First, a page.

Laura was , being the 3rd daughter of Daniel Bridgman (d. 1868), a substantial Baptist farmer, and his wife Harmony, daughter of Cushman Downer, and granddaughter of Joseph Downer, one of the 5 1st settlers (1761) of Thetford, Vermont. Laura was a delicate infant, puny and rickety, and was subject to fits up to 20 months old, but otherwise seemed to have normal sense. However, Laura’s family was struck with scarlet fever when she was 2 years old. The illness killed her 2 older sisters and a brother and left her deaf, blind, and without a sense of smell or taste. Though she gradually recovered health she remained a deaf-blind, but was kindly treated and was in particular made a sort of playmate by an eccentric bachelor friend of the Bridgmans, Mr Asa Tenney, who as soon as she could walk used to take her for rambles a-field. Laura learned through touch to sew and knit as a child but had no language.

In 1837 Mr James Barrett, of Dartmouth College, saw her and mentioned her case to Dr Mussey, the head of the medical department, who wrote an account which attracted the attention of Dr Samuel Gridley Howe, the director of the Perkins School for the Blind at Boston. Dr Howe determined to try to get the child into the Institution and to attempt to educate her; her parents assented, and in October 1837 Laura entered the school.

Laura Bridgman was a comely child and of a sensitive and affectionate nature and was imitative in so far as she could follow the actions of others. However, she was limited in her communication to the narrower uses of touch. Laura’s mother, preoccupied with house-work, had already ceased to be able to control her, and her father’s authority was due to fear of superior force, not to reason. Dr Howe had been recently met Julia Brace, a deaf-blind resident at the American School for the Deaf who communicated using tactile sign, and developed a plan to teach the young Laura Bridgman to read and write through tactile means — something that had not been attempted previously, to his knowledge. At first he and his assistant, Lydia Drew, used words printed with raised letters, and later they progressed to using a manual alphabet expressed through tactile sign. Eventually she received a broad education.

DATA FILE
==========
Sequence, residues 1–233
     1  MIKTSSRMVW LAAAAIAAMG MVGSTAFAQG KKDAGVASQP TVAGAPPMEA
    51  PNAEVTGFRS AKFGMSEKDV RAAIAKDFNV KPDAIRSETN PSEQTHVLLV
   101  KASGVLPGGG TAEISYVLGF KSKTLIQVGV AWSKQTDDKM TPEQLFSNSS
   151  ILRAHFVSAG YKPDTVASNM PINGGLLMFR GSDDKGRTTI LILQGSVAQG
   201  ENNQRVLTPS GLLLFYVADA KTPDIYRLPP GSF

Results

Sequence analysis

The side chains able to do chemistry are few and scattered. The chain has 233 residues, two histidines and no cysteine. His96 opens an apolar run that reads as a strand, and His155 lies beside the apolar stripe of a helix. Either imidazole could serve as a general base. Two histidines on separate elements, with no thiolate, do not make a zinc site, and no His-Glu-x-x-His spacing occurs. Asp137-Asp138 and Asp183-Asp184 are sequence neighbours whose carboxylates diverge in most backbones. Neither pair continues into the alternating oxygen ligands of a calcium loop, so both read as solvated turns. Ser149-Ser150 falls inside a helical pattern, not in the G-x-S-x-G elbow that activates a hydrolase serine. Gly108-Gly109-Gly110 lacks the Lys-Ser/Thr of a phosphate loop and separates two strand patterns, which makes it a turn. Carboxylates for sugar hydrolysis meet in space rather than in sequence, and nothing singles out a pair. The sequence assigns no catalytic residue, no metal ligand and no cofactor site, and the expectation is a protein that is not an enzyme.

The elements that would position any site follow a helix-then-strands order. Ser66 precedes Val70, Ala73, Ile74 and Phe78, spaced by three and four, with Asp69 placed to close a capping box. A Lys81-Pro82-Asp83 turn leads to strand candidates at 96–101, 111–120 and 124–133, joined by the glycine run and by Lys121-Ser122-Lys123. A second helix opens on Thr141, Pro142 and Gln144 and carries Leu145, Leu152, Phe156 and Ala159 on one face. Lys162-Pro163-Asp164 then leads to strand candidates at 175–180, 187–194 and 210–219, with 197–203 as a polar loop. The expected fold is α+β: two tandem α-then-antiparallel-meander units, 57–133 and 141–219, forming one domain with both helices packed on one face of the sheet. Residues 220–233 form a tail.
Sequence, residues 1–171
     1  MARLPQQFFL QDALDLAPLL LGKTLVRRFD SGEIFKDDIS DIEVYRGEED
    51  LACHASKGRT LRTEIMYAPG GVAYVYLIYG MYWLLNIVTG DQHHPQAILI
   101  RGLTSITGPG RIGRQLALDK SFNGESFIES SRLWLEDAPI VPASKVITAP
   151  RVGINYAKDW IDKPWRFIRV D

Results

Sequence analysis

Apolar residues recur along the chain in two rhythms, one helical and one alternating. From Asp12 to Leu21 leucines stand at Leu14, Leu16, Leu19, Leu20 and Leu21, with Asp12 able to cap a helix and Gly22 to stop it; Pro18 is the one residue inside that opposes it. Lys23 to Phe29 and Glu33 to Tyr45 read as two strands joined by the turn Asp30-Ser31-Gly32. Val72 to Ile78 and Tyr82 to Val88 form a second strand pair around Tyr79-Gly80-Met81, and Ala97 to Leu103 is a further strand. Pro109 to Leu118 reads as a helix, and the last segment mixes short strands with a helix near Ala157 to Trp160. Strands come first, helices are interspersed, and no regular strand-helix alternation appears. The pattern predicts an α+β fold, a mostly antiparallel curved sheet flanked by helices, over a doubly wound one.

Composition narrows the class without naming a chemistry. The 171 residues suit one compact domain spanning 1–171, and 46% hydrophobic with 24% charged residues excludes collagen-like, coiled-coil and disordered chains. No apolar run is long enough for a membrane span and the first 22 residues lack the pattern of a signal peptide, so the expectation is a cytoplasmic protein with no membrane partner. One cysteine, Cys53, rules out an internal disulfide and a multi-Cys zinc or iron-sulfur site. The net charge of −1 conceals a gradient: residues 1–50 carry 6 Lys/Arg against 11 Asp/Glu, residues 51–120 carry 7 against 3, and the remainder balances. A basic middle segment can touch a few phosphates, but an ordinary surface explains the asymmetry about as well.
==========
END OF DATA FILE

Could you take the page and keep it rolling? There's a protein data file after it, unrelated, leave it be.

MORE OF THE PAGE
Dr Howe taught words before the individual letters, and his 1st experiment consisting in pasting upon several common articles such as keys, spoons, knives, &c., little paper labels with the names of the articles printed in raised letters, which he got her to feel and differentiate; then he gave her the same labels by themselves, which she learned to associate with the articles they referred to, until, with the spoon or knife alone before her she could find the right label for each from a mixed heap. The next stage was to give her the component letters and teach her to combine them in the words she knew, and gradually in this way she learned all the alphabet and the 10 digits. The whole process depended, of course, on her having a human intelligence, which only required stimulation, and her own interest in learning became keener as she progressed.

Dr Howe devoted himself with the utmost patience and assiduity to her education and was rewarded by increasing success. On the 24th of July 1839 she 1st wrote her own name legibly. On the 20th of June 1840 she had her 1st arithmetic lesson, by the aid of a metallic case perforated with square holes, square types being used; and in 19 days she could add a column of figures amounting to 30. Laura was in good health and happy, and was treated by Dr Howe as his daughter. Laura’s case already began to interest the public, and others were brought to Dr Howe for treatment.